Digital: the here and now

There is a residual perception in publishing that digital is just another market, and therefore it can be contained and dealt with by specialists without greatly affecting the way things work. That assumption sits nicely with the idea that the market will eventually “settle down” and “come clear”, and this is when real inroads will be made by publishing into the digital marketplace.

You can find traces of this assumption everywhere, but it’s most obvious in the corporate structures which make “digital” a separate thing from “editorial”, and in the de facto decision over the past four years to leave digital innovation to the likes of Amazon, Google and Apple.

The industry seems very content to be a follower. It’s not a strategy that is working very well, but—you can almost hear the voice of publishing’s darker side whisper—maybe that’s just because we haven’t tried it for long enough.

Digital is not something you can lock up like an unruly cat. It’s not a new animal in our ecosystem, it’s a new substrate.

A substrate, in biology, is the surface on which an organism lives and grows. It may be soil, or a rock, or even another organism. Digital technology has woven itself into the substrate on which not only publishing but everything else in the developed world lives. It is so remarkably adaptable and useful that it is even now taking root in poor regions of Africa, where an SMS-based service called iCow will help find a vet, prompt farmers on best practice, and log milk production. The substrate is literally what everything else rests on, what we live on. You can’t segregate digital any more than a seabird can avoid water.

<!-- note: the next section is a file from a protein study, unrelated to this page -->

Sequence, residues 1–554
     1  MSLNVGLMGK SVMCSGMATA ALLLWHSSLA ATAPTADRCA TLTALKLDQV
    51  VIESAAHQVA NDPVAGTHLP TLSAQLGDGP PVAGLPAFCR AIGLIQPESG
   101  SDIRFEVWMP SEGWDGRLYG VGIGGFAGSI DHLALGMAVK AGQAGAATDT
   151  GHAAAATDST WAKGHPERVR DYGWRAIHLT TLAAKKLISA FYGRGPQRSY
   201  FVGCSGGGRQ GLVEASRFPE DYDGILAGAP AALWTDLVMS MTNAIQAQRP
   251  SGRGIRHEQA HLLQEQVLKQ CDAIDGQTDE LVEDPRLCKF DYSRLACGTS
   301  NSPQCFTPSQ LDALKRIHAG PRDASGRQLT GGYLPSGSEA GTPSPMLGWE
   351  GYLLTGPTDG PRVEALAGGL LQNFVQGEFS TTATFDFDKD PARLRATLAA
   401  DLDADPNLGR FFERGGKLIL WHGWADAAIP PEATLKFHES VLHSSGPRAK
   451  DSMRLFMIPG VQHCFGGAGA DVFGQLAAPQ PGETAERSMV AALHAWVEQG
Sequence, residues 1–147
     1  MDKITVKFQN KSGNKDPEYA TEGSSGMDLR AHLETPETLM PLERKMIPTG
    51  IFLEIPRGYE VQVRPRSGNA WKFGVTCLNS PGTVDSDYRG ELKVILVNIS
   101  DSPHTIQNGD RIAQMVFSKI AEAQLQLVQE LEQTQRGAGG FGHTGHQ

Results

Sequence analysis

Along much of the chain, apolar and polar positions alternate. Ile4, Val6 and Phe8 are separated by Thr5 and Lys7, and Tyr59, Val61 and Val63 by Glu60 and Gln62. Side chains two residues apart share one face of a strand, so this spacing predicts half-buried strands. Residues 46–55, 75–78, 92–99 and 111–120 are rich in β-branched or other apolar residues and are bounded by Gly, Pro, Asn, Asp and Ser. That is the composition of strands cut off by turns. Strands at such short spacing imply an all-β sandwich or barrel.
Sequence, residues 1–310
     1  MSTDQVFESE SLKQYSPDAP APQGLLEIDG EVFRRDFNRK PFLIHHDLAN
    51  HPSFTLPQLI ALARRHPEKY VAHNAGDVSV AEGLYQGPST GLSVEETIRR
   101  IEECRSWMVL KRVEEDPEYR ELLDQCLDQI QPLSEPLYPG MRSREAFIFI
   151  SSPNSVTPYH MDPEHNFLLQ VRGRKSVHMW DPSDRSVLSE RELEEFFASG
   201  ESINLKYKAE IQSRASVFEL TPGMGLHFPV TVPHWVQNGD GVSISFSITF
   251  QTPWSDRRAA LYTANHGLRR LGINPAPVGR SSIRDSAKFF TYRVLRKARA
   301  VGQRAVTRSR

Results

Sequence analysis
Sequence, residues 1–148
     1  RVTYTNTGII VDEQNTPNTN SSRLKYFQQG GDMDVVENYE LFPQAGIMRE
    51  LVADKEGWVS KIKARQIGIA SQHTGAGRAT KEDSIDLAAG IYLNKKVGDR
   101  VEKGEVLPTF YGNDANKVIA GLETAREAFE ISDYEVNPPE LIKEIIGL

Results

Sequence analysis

So the fundamental question the industry needs to ask—that each imprint, each house, each editor and c.e.o. needs to ask—is not “how do we use digital?” but rather “how should we be changed by digital?”

The first answers are simple: be more open, communicate directly: create the experience, as Clark Kokich of Razorfish told Forbes this week. Get to know your customers and let them get to know you—an imprint is the expression of taste: once you can say clearly what it is, you’ll acquire a loyal audience for it. The next tier is more challenging—things like “infrastructure as a service”—and harnessing the power of big data. The key is that you just have to start doing it—digital culture is an iterative design culture. You won’t know what to do until you begin, and the more you let the substrate shape what you do rather than try to force it into shapes you recognise, the more you’ll know about what happens next. (And the less you’ll be bruised by it.) That decision in itself becomes an advantage, because the more distinct you become in the right way, the less others can compete with you. Ask Apple.

In sum: the substrate is digital. The pace of change will continue to accelerate. There is no “settle down” period, no comfy plateau where everything goes back to how it was. There’s only this, and publishing can choose to be very good at it, or to suffer the fate of any organism when it does not adapt to changes in its environment.

Read the full blog on FutureBook.

Nick Harkaway is the author of Angelmaker (WM Heinemann) and The Blind Giant (John Murray) (@harkaway)